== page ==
I made something! If you read this to the end I’ll tell you about how basic A-line skirt became a challenge.
It’s been a while since my last make. Partly because I’ve been away for a couple of weeks, partly because work was crazy before that, mainly because I suddenly felt meh about sewing. Funny when that happens, don’t you agree? I didn’t see it coming at all, sewing away as a busy bee during March, April and May, but then all of a sudden – full stop. I think it was a reaction to everything that is happening at the moment. There is plenty to worry about in the news these days. The current state of the world makes me feel insecure about sharing makes online, too. Why do it when so much else is going on? Does it still make sense? I have no answer, but here I am again, giving this another try. It helped sewing on my new Pfaff machine. She’s a dream to work with, and let’s just say that I’m very pleased so far. You can read my review here.
Last year Closet Core Patterns released their Rome collection which I bought immediately. The three patterns have several interesting views each, and they have a timeless beauty and appeal, just like Rome herself. I love the idea of a group of patterns that belong together. The mix and match potential is endless, and I planned to start sewing some of them right away, but I’m too easily distracted and was soon occupied elsewhere. Maybe it was because the Rome collection is best suited for summer, and by the time I was back and ready to pick up sewing after the holidays I was more inspired to sew for cooler weather.
However, the sudden need for a skirt with some length that was wide enough, but not twee, at a certain length and without unflattering (on me) gathers on the hips made me remember the Fiore skirt pattern languishing in my collection. I choose version A with no pockets or buttons, just a zipper in the back. I went with the below knee length the pattern suggests. However – I wanted to make this into a bit of a challenge for me, so I decided to not use the overlocker at all and drop the instructions (sorry, Heather Lou, I’m aware they are immaculate!) and make it with old fashioned techniques for a pretty inside.
The Closet Core patterns are known to come up a little roomy so I was aware of that when choosing what size to make. It is a great help that they have the finished measurements included in the instructions. My measurements fell between size 10 and 12 in the size chart, so I went with 12 to have plenty of seam allowance. It turned out that a 10 would have been the best choice, but it worked just fine in 12, too.
There’s planning ahead people, and there’s making it up as you go people. I’m definitely in the last camp, and it works sometimes, but not always. I started by omitting the front seam of the pattern during cutting, which ended up fine. As long as the seam is on grain, I don’t see why I need it. Then I sewed up the side seams using french seams. Next I bound the seam allowances in the back for a Hong Kong binding. However, I should have done that AFTER I inserted the invisible zipper for a neater finish. In the end it turned out fine because I needed to increase the seam allowance to 2 cm for a better fit. It turned out that I could have gone down a size from the start.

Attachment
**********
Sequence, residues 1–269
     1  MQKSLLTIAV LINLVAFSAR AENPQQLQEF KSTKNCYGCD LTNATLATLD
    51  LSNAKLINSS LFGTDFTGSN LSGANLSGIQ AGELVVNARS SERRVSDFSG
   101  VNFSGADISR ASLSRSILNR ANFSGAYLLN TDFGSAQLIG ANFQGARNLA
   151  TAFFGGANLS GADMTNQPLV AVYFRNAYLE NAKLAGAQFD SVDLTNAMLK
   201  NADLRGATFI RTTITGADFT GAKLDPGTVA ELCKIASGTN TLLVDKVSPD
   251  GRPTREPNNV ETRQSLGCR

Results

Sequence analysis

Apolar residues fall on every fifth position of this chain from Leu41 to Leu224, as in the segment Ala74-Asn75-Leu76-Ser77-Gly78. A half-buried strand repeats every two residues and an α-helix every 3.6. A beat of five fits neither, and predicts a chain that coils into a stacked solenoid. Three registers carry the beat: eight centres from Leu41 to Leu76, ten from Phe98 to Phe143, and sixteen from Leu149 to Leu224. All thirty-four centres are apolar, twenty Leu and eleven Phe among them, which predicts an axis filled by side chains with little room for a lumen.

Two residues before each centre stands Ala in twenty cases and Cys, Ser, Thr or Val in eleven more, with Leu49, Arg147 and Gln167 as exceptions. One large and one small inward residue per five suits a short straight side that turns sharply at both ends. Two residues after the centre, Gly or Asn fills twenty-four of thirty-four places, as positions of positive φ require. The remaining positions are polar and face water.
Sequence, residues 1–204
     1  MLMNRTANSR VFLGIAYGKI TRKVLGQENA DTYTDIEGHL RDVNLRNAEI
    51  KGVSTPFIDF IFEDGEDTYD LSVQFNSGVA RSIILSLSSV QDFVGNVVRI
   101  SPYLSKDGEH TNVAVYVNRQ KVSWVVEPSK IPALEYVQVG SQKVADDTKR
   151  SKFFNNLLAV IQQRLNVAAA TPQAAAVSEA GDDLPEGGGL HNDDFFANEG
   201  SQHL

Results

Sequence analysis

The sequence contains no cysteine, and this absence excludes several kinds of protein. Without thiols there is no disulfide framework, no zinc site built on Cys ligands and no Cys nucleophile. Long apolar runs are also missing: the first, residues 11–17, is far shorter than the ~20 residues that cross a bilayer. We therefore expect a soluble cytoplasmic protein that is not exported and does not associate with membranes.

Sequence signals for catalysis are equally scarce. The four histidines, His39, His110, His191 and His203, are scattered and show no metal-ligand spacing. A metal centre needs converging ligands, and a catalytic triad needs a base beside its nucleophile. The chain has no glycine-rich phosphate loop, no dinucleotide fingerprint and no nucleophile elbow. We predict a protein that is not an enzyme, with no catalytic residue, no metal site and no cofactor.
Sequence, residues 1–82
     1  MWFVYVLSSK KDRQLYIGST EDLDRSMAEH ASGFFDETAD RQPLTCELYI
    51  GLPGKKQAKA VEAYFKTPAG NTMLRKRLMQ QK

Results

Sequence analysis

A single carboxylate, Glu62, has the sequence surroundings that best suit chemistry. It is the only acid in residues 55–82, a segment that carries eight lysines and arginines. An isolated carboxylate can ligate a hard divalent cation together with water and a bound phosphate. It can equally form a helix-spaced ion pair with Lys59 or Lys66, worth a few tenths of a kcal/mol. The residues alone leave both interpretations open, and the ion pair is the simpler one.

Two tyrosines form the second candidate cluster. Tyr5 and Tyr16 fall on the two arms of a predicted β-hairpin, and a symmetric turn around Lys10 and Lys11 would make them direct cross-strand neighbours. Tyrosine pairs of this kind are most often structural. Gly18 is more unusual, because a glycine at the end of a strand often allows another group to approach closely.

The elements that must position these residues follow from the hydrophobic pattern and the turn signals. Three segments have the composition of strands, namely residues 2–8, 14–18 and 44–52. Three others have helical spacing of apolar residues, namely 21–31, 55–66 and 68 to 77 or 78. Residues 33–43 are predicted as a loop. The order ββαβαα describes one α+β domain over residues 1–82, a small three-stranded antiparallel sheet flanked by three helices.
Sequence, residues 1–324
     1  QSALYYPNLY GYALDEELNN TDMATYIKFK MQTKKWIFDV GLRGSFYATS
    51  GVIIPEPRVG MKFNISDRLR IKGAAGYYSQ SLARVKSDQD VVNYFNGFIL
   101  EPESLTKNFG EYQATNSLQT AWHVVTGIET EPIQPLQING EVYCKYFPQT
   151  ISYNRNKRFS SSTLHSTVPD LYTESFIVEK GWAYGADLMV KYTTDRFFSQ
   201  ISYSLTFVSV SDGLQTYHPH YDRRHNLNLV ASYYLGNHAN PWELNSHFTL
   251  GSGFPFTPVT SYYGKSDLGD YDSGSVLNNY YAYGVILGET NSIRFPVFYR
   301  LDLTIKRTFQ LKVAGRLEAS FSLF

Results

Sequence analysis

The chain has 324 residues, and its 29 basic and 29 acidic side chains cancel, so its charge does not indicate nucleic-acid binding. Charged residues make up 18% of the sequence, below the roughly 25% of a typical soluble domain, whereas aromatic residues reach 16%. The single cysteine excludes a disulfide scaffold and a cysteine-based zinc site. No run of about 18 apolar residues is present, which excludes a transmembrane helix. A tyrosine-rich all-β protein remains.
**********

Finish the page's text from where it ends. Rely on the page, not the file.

Then I attempted at a roll hem, but my fabric is too heavy for that and didn’t cooperate at all, so I had to use a bias binding there as well. This was the best decision and what I should have done to begin with. The hem hangs nicely with a little extra weight. I love the look of trouser waistbands with bias binding on the inside, so I made that, too. It’s a lovely clean finish. The next mistake I made was forgetting that I had used an invisible zipper, so I had no lap. When I attempted to make a lap for the button it looked a little strange, but I’m okay with it anyway. Finally, I made a button hole and added a button. My new machine was unfortunately unhappy with the uneven waistband and struggled with the button hole, but it made it in the end. Maybe loosening the foot pressure would have helped? Next time I’ll look at the sewing instructions and insert the zipper all the way up into the waistband with no button. Much neater.
The finished skirt has a very classic feel to it and is flattering. The A-line is pronounced, but no too much for a grown up like me. By choosing a polka dot pattern I enforced the retro vibe, but in another fabric I think this is a modern and updated shape. I’m thinking about making another version in linen, or maybe a wool for autumn in a midi length. The fabric is a viscose stretch with a little weight to it and it worked great for this pattern. the only problem is that the fabric easily gets pulled threads that distorts the print, leaving white lines. You do not want to have a small hole in this fabric, it will be very visible.
For a simple A-line skirt this was a fun make and very rewarding. I will revisit this pattern in the future, and I think the rest of the Rome collection deserves a new chance, too.